Bird life: If you are hoping to see some of North Sulawesi’s bird life then we recommend taking one of our paddle boards (from the boat) which allows you to glide silently through the water without disturbing the birds which are nesting there. Our paddleboards are exceptionally wide to give them greater stability in the water but if you don’t want to stand up, you don’t need to. They can be used and paddled like a kayak with the rider sitting on them – they can also support two people if you’d prefer to go tandem. Species of bird that we commonly see at Batu Angus include: 4 species of kingfisher (Sulawesi dwarf, great billed, sacred and greenbacked), yellow billed malkoha, Pacific swallows, little heron, sooty headed bulbul, chestnut munia and both the crimson and olive backed sunbird.

Banded archerfish (Toxotes jaculatrix), also known as the spinner fish.

Fish life: One of the more unique fish that we see at Batu Angus is the banded archerfish (Toxotes jaculatrix) and this is a great species to look out for when you are snorkelling close to the edge of the mangroves as they hide just below the surface, under the trees. Archerfish have a unique hunting method which involves them shooting water out of their mouths at insects flying above them. If their aim is correct they will hit the insect causing it to fall down on to the surface of the water where the archerfish is laying in wait for its prey.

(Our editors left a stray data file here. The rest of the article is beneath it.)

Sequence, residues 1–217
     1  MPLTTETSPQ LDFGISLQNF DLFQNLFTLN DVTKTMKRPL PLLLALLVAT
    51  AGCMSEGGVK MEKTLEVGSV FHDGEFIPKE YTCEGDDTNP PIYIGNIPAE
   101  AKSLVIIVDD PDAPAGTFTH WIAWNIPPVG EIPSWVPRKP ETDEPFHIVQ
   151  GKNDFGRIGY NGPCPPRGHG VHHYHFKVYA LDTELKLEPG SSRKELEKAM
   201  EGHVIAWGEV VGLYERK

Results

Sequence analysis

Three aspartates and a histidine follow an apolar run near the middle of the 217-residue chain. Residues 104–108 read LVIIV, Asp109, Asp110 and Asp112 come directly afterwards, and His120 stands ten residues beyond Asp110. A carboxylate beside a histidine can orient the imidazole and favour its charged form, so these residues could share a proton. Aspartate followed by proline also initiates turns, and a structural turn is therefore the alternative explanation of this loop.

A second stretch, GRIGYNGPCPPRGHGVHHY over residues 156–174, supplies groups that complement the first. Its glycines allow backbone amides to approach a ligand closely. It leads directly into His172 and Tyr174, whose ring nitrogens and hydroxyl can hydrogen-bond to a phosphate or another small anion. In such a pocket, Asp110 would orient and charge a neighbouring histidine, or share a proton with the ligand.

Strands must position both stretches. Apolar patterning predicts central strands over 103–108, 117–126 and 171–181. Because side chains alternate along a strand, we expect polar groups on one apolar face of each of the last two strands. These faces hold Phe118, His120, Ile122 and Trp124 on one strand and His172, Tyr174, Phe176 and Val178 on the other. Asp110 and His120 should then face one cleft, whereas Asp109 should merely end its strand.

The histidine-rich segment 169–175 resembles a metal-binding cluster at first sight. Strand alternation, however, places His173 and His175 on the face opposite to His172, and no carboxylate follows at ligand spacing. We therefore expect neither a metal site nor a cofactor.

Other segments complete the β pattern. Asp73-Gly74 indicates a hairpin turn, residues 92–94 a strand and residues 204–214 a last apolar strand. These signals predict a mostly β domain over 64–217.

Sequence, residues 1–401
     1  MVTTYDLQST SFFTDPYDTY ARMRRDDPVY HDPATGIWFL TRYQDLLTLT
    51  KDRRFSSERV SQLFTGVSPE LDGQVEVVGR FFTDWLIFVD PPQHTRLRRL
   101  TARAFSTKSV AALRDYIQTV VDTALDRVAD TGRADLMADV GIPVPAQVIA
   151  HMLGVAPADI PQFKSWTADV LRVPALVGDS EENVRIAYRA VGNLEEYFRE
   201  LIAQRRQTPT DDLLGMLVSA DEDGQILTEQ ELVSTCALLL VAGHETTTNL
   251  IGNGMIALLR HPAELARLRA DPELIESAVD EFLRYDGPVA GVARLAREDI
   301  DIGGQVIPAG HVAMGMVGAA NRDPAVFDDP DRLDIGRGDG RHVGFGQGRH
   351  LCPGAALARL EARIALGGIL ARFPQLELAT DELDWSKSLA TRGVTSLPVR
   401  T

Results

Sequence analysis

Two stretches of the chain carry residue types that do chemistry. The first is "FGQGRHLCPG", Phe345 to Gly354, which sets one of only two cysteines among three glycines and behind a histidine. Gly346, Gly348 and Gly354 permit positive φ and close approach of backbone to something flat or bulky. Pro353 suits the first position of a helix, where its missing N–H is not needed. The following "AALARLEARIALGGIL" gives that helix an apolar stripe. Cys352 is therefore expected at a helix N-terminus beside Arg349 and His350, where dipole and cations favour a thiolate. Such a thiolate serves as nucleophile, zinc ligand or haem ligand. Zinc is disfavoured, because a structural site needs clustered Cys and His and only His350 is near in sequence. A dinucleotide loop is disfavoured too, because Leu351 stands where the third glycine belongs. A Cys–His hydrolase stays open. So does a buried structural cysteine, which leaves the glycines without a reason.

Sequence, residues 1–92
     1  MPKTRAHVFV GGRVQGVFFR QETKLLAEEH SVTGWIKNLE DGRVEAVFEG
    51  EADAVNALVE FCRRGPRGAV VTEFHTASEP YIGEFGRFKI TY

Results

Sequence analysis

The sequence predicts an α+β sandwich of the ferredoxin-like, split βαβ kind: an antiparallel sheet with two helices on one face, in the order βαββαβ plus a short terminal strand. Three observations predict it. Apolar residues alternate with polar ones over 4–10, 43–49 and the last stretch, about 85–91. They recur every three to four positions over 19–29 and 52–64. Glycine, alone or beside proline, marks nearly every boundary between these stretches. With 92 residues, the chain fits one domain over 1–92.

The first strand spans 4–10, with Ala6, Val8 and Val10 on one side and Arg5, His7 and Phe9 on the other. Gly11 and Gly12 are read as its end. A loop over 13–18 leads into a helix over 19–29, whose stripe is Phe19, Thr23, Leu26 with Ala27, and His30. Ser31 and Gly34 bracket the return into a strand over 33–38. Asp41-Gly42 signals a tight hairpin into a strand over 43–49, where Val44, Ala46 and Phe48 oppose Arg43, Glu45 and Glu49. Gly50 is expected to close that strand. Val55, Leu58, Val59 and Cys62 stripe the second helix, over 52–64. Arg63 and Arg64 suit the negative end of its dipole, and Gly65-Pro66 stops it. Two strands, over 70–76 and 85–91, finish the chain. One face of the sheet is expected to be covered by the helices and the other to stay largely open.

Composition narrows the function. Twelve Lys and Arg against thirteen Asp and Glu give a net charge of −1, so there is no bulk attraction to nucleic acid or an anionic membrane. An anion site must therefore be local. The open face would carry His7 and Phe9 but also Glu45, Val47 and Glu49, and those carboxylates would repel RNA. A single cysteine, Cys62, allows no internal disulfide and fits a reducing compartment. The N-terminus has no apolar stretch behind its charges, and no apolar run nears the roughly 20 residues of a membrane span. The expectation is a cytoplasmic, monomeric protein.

Batu Angus - Mangrove - Lembeh Strait

 

Other wildlife species: As well as the inevitable birds and fish there are numerous other species that can be seem hiding out among the mangroves at Batu Angus. Giant monitor lizards and other smaller lizards live in the area and numerous species of land crabs make their homes in the fine sediment which is ideal for burrowing – for this reason crab eating macaque monkeys are also known to live here.

Diving and Underwater Photography: As well as being mesmerised by one of the most unique seascapes on the planet where the mangroves seem to merge with the reef, this is an incredible spot for underwater photography. The sunbeams filtering through the leafy overhead canopy create beautiful effects whereas capturing the mangroves roots’ can create images with an almost eerie-like feel. You won’t run out of photography opportunities.

The diving conditions at Batu Angus are good all year round with little current and calm, still waters.

 

Batu Angus - Mangrove - Lembeh Strait

 

If you’d like to explore Batu Angus and see a very different side to the Lembeh Strait it’s just a short boat ride away from Lembeh Resort and can be a morning or afternoon trip for diving, snorkelling, paddle boarding or a combination of all three.

Batu Angus is just one of many reef sites around Lembeh so if you are looking for a mix of muck and reef diving it’s a unique spot that doesn’t disappoint.

Beautiful Crimson Sunbird (Aethopyga siparaja) perching on a branch.

 

 

For more information about staying at Lembeh Resort and exploring some of the best dive sites in Indonesia contact us on reservations@lembehresort.com